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GLBT prom supports teens

Sometimes little steps can make big differences.

The Aug. 15 Times news report “St. Cloud group plans GLBT prom for area teens” brings that point to mind for several reasons.

Most of all, plans for this event — organized by the group Central MN Prom Alternative — are yet another reflection of the growth and diversity in Central Minnesota. That’s a good thing!

In that context, the prom — set for April 28 at Le St-Germain Hotel in St. Cloud and open to gay, lesbian, bisexual and transgender teens and their allies ages 16-19 — makes an important statement that these teens are accepted for who they are.

That’s a vital message and one not to be overlooked — or forgotten — as Minnesota, like so many other states, wrestles with how peers and even family members treat GLBT teens, not to mention broader issues such as same-sex marriage.

Again, amid those challenges, it’s encouraging to see supporters of GLBT teens provide this option for one of the premier traditional social events of the teenage years.

Of course, more honesty is needed when it comes to this event.

First, having an alternative prom probably makes all teens (and perhaps more so their parents and school leaders) breathe a little easier.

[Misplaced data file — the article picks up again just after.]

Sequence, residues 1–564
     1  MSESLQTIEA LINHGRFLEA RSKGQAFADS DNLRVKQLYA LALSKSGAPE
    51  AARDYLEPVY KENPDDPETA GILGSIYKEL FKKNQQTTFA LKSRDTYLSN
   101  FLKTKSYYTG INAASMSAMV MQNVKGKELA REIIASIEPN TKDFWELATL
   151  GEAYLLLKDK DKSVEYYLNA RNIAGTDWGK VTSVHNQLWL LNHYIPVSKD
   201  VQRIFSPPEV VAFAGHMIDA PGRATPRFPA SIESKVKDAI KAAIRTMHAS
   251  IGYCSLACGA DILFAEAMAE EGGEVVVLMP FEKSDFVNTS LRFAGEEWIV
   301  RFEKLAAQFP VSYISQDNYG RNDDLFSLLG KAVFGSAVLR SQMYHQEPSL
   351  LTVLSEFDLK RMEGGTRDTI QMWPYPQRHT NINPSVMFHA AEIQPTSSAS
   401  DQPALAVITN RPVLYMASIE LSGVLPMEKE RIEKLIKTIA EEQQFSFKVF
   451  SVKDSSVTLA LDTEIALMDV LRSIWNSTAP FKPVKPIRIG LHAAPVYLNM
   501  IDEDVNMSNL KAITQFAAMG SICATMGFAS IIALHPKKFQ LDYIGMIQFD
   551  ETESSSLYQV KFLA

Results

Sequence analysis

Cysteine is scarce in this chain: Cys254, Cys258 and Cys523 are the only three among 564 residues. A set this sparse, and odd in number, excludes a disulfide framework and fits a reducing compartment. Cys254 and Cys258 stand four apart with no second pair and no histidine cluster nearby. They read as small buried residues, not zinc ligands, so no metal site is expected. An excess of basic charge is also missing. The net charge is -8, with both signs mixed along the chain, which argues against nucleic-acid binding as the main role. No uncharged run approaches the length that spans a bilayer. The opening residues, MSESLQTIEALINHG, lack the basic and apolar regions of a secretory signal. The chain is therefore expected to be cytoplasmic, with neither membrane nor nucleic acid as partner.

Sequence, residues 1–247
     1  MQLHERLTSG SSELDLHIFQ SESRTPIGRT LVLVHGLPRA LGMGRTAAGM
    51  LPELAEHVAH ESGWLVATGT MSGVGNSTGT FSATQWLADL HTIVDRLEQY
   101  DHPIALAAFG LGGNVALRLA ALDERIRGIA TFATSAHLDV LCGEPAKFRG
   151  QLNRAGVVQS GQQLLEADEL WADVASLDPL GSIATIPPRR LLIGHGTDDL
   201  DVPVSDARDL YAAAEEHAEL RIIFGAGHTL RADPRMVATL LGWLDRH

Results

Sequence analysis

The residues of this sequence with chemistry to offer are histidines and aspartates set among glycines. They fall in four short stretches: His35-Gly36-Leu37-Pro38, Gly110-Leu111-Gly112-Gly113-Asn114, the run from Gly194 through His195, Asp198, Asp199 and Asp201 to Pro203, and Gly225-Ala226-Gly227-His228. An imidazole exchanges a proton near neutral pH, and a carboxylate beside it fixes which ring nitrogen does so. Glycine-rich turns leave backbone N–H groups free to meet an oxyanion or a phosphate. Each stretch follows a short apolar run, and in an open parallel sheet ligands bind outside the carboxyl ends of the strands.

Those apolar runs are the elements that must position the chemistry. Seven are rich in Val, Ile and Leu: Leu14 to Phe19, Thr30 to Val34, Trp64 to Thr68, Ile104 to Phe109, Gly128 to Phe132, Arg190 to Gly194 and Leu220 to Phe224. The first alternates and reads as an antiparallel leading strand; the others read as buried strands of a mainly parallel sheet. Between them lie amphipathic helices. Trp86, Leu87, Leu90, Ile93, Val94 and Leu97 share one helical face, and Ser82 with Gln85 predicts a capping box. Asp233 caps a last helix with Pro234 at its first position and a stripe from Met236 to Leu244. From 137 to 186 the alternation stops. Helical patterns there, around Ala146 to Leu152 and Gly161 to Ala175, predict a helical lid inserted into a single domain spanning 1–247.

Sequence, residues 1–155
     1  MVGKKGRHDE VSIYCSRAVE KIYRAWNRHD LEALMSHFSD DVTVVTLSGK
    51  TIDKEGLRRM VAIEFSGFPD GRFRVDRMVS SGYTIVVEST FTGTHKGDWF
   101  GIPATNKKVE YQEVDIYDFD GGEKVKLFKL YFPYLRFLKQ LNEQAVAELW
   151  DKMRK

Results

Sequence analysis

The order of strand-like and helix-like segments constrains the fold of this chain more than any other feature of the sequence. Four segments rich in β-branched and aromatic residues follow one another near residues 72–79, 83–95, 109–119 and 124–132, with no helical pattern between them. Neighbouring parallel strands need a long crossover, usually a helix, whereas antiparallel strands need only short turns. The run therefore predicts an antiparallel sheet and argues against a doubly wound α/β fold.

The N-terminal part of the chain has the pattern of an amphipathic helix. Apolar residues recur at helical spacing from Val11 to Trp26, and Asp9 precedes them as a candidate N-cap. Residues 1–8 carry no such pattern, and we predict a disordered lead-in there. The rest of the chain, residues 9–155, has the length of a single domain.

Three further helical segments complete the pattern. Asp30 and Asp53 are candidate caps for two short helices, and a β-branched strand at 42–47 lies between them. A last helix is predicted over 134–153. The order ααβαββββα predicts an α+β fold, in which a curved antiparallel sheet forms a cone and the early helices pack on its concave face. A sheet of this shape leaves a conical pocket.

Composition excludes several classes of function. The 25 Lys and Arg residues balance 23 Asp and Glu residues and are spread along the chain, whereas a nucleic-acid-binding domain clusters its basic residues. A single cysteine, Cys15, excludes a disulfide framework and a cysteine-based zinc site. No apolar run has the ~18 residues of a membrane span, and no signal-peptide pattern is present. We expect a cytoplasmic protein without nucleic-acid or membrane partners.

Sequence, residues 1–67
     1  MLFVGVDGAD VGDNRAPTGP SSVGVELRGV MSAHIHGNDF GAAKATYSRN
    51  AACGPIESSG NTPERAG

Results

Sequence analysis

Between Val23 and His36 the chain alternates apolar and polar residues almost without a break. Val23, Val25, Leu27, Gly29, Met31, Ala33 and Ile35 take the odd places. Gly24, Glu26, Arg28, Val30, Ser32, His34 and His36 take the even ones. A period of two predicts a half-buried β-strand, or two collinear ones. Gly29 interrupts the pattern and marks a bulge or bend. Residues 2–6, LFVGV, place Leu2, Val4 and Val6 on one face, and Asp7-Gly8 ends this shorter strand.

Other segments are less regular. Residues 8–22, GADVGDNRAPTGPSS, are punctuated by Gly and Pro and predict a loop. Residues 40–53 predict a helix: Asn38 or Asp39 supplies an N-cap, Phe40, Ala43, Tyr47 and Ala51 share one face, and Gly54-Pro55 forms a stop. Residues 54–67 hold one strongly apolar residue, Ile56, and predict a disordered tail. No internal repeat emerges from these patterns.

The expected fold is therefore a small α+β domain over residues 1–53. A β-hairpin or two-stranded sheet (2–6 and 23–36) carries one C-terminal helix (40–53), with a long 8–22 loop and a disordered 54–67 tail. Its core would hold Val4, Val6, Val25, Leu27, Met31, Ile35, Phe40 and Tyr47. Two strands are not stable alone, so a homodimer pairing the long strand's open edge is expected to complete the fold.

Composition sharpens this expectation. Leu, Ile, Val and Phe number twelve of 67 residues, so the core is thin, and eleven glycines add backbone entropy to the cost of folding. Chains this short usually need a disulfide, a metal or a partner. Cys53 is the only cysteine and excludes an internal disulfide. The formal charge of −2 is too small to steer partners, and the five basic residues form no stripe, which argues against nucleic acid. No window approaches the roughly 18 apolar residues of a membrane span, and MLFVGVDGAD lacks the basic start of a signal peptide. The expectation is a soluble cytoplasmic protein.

Yes, all-inclusive proms are the ultimate long-term goal. But even at the adult level today, many social circles and traditions struggle to include same-sex couples. So why put teens — gay and straight — in similarly awkward positions for what should be one of the highlights of their high school years?

Second, keep this alternative prom in perspective. It’s one night and it’s offered to GLBT teens who want to attend a prom with their significant others while in the company of people who accept them for who they are. That does not mean every GLBT teen will want to attend, nor does it signal that similar teen activities should be segregated by sexual preference.

Finally, knowing that it takes many little steps to make progress, we simply hope this alternative prom amounts to one more small way to expand the support and acceptance of local GLBT teens.

— St. Cloud Times,

Denton (Denny) Newman Jr.
I've worked at the Brainerd Dispatch with various duties since Dec. 7, 1983. Starting off as an Ad Designer and currently Director of Audience Development. The Dispatch has been an interesting and challenging place to work. I'm fortunate to have made many friends, both co-workers and customers.
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